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Cincinnati by Scott Cain


Grey Gardens: The Musical

Grey Gardens
Neva Rae Powers and Dale Hodges
Like the people and characters it musicalizes, Grey Gardens: The Musical is often a dichotomy. The show is sometimes a tragedy, but oftentimes a comedy. It's partly a historical biography, partly a work of fiction. This quirky tale of two eccentric relations of Jackie Kennedy is given a solid, if not perfect, production by The Ensemble Theatre of Cincinnati (ETC) in its regional debut.

Grey Gardens, which was nominated for numerous Tony Awards in 2007, is based on the famous 1975 documentary of the same name by Albert and David Maysles. The brothers filmed days in the lives of elderly Edith "Big Edie" Bouvier Beale and her daughter Edith "Little Edie" Bouvier Beale, who were aunt and cousin to former first lady Jackie Kennedy. The pair lived with dozens of cats and raccoons in a dilapidated East Hampton Beach mansion deemed unfit for human habitation by authorities. The women were all but cut off from the outside world (and from reality in many ways) and made for fascinating subjects of the documentary. The musical is structured to showcase this period in act two and to contrast it to their life of wealth and social significance found in the first act. The show begins in 1941 as Little Edie prepares to announce her engagement to Joseph Kennedy Jr. in front of an audience of press and East Hampton elites. The controlling and manipulative behavior of Big Edie derails her daughter's future and sets in motion the fall from grace for the pair that leads to the 1973 conditions of the second act.

Doug Wright (I Am My Own Wife) essentially wrote two books for the musical. The first act takes people from the lives of the mother and daughter and forms a fictionalized situation (the engagement party of Little Edie and Joe) demonstrating the conflict between the ladies. The characters and their lifestyles are well defined, and there is a nice balance between the comedic and serious aspects of the story. For the second act, Mr. Wright chose many of the wild moments from the documentary and carefully reconstructed the off-kilter dialogue. Though act two is the meat of the show, the first act is necessary to provide a contrast to show how far the family has fallen.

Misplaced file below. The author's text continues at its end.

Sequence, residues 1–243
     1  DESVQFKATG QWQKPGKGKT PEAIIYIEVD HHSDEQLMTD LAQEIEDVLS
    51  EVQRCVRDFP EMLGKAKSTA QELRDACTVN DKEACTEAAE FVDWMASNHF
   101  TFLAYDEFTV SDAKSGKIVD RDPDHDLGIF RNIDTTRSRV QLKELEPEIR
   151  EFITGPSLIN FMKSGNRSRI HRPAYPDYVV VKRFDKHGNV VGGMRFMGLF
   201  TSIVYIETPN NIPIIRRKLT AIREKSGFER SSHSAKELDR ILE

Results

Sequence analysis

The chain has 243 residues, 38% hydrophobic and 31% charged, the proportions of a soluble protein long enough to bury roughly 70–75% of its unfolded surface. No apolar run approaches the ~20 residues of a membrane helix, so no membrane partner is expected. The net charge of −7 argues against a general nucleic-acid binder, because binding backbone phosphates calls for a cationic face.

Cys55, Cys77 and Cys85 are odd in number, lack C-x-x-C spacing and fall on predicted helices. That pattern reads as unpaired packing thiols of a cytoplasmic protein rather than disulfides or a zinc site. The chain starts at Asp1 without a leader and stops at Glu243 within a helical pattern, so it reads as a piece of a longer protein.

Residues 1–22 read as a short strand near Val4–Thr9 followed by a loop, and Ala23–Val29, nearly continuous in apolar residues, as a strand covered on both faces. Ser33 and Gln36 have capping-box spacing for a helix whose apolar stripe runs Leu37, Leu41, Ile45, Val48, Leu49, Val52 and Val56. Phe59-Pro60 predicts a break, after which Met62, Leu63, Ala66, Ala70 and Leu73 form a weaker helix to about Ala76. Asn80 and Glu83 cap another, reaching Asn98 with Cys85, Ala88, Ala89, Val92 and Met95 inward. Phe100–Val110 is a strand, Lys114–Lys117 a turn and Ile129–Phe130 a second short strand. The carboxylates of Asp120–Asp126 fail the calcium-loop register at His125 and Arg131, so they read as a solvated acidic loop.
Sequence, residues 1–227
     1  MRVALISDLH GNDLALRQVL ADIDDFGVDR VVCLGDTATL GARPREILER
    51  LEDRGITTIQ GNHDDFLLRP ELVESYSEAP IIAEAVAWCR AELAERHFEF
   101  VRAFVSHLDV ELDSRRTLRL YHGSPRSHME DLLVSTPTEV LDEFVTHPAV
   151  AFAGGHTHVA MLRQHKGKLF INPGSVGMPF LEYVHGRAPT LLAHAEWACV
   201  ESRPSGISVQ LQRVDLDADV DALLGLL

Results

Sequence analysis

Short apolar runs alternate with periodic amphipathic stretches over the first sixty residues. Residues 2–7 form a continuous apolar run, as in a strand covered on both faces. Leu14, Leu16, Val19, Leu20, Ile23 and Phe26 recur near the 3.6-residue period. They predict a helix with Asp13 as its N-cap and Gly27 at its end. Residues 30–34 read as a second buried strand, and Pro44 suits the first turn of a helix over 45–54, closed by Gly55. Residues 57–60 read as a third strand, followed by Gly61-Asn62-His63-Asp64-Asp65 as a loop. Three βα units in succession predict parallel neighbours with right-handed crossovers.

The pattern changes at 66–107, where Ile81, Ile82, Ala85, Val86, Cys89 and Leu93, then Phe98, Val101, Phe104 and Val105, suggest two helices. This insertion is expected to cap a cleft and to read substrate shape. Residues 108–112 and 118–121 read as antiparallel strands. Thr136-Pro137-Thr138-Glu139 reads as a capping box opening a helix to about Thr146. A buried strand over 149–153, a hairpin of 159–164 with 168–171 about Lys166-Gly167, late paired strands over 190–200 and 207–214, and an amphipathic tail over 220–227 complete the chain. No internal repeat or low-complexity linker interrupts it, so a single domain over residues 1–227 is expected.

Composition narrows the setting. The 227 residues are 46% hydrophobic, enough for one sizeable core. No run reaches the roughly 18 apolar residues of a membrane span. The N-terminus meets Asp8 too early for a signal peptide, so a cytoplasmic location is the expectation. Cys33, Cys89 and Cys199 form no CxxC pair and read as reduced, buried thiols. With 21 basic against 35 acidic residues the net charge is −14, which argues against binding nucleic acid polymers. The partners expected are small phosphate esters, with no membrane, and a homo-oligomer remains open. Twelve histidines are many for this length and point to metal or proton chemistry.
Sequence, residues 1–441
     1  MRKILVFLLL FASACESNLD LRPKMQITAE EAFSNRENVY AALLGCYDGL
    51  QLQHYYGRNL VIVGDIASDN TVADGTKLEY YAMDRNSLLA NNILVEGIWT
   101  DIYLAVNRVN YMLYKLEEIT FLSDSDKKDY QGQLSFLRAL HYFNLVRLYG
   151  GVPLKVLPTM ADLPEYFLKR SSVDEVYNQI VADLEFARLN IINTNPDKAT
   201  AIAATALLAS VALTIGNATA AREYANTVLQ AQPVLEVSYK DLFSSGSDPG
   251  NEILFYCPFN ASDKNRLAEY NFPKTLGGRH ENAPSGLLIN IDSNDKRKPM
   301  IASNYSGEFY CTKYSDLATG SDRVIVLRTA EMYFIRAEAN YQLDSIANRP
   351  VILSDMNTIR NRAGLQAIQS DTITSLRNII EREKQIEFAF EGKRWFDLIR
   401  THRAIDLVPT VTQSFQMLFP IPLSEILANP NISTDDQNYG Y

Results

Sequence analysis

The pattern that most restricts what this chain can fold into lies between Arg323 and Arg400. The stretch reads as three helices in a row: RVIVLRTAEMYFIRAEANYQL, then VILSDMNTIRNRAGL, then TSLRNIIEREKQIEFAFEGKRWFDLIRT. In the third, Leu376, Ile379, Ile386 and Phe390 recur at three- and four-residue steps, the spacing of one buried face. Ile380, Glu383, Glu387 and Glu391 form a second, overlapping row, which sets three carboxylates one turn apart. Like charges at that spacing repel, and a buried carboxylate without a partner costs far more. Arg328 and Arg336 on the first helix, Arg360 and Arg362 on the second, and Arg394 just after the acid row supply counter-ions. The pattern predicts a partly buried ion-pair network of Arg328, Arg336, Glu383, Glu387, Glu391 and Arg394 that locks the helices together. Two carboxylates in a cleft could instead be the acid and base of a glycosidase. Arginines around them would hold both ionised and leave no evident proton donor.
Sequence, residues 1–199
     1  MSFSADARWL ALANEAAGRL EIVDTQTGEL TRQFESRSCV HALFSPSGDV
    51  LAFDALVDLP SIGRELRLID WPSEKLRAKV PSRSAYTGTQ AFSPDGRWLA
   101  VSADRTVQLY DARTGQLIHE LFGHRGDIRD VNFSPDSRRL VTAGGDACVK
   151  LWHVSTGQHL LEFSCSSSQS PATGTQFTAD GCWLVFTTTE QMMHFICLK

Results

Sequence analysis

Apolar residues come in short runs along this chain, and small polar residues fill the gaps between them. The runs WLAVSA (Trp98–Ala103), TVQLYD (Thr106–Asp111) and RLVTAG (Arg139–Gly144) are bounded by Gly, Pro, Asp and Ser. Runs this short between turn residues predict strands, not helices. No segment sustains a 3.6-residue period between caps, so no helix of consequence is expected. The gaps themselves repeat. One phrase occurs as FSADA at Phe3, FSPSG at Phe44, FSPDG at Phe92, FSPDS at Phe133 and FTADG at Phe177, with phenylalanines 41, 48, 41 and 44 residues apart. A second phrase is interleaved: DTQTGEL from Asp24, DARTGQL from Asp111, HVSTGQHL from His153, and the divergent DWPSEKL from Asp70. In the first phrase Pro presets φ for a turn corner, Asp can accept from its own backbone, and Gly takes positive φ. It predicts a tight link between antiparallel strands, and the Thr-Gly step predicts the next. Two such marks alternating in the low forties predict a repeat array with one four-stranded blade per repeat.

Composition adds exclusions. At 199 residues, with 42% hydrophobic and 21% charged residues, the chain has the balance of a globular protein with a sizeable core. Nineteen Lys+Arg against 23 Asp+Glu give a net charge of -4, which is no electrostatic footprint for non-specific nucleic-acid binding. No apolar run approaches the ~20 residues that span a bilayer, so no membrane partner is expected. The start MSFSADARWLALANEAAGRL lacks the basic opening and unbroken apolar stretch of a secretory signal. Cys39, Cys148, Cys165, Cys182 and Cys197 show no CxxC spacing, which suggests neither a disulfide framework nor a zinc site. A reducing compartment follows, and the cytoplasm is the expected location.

The score for Grey Gardens by Scott Frankel (music) and Michael Korie (lyrics) contains many unique character-driven songs, as well as some fun performance numbers. Though the songs are individually well-crafted and wonderfully suitable to the show, there's a lack of cohesion among them that leads to the overall score coming across as less than the sum of its parts. Individual song highlights include the bouncy "The Five-Fifteen," the intentionally offensive yet hilarious "Hominy Grits," a haunting "Drift Away," "Will You?"— which serves double duty as a performance number and as a mother's plea for her daughter not to leave—"The Revolutionary Costume For Today," "Jerry Likes My Corn" (with some excellent rhyming) and the heart-breaking, introspective "Another Winter In A Summer Town."

Part of the unique appeal of Grey Gardens is that it provides the chance for an actress to play the mother, "Big Edie," in act one as well as daughter "Little Edie" following intermission. At ETC, Neva Rae Powers seems slightly out of her element as the overbearing mother, but is a delight as the (perhaps certifiably) kooky middle-aged daughter as showcased in the documentary, and always sings with style and precision. Cincinnati favorite Dale Hodges is a hoot as somewhat senile "Big Edie" in act two, providing sufficient warmth and comedic touch in the fun role. As young "Little Edie" in the 1941 scene, CCM student Ashley Kate Adams proves to be an exquisite singer, but comes across as too stiff and formal in her acting.

Scott Wooley skillfully handles the double duty of playing Gould, piano accompanist to "Big Edie," and serving as musical director for the production. Last minute replacement Ken Early is fine as Brooks. Charlie Clark is perfect as Joe Kennedy, but seems too old as teenaged Jerry. Greg Hudson's musical timing is off a bit as Major Bouvier/Norman Vincent Peale, but he is otherwise a solid contributor, as are child performers Olivia Catherine Diehl (Lee) and Ellen Ehrsam (Jackie).

Director D. Lynn Meyers provides some fluid staging and appropriate tone throughout, though the timing in act one is off between the actors. The choreography by Patti James is fun and apt.

In order to fit a three-story house into a vertically challenged performance space, set designer Brian Mehring has positioned the top two floors on a sharp 45 degree angle. Though distracting at first, discerning audience members might soon draw parallels between the design and the characters, as the inhabitants of the dwelling seem to be sliding down a steep descent into madness and despair just as the house does. Mr. Mehring's lighting is solid, with a nice touch suggesting the overgrown plants of the yard in the 1973 setting. Shannon Roe Lutz deserves praise for some detailed props in assistance of Mr. Mehring. The costumes by Reba Senske don't seem entirely period appropriate for 1940s high society, but are attractive and fun. The sound system had its share of pops and other noise during the performance viewed, but the pre-curtain sound effects assist in setting the mood and scene.

Grey Gardens is a challenging piece to stage, and Ensemble Theatre of Cincinnati is mostly up to the task. Worthwhile (if not perfect) performances and capable direction and design help to make the piece an entertaining and enlightening experience for audiences. ETC presents the show through September 28, 2008. For tickets, please call (513) 421-3555.


Photo: Sandy Underwood



-- Scott Cain


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